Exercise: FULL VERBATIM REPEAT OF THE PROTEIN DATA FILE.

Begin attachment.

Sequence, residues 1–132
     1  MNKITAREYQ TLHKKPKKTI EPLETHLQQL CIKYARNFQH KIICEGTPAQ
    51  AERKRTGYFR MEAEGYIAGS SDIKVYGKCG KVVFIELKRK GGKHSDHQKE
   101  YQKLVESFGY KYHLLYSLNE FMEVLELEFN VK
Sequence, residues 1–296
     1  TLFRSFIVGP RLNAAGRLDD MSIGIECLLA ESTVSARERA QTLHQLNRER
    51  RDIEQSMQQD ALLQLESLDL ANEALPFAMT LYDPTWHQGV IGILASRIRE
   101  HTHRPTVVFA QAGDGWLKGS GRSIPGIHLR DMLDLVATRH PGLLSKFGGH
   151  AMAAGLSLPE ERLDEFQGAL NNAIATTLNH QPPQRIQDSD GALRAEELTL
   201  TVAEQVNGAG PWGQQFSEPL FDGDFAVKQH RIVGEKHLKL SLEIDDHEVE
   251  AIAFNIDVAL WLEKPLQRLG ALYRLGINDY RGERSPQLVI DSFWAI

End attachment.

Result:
Sequence, residues 1–132
     1  MNKITAREYQ TLHKKPKKTI EPLETHLQQL CIKYARNFQH KIICEGTPAQ
    51  AERKRTGYFR MEAEGYIAGS SDIKVYGKCG KVVFIELKRK GGKHSDHQKE
   101  YQKLVESFGY KYHLLYSLNE FMEVLELEFN VK
Sequence, residues 1–296
     1  TLFRSFIVGP RLNAAGRLDD MSIGIECLLA ESTVSARERA QTLHQLNRER
    51  RDIEQSMQQD ALLQLESLDL ANEALPFAMT LYDPTWHQGV IGILASRIRE
   101  HTHRPTVVFA QAGDGWLKGS GRSIPGIHLR DMLDLVATRH PGLLSKFGGH
   151  AMAAGLSLPE ERLDEFQGAL NNAIATTLNH QPPQRIQDSD GALRAEELTL
   201  TVAEQVNGAG PWGQQFSEPL FDGDFAVKQH RIVGEKHLKL SLEIDDHEVE
   251  AIAFNIDVAL WLEKPLQRLG ALYRLGINDY RGERSPQLVI DSFWAI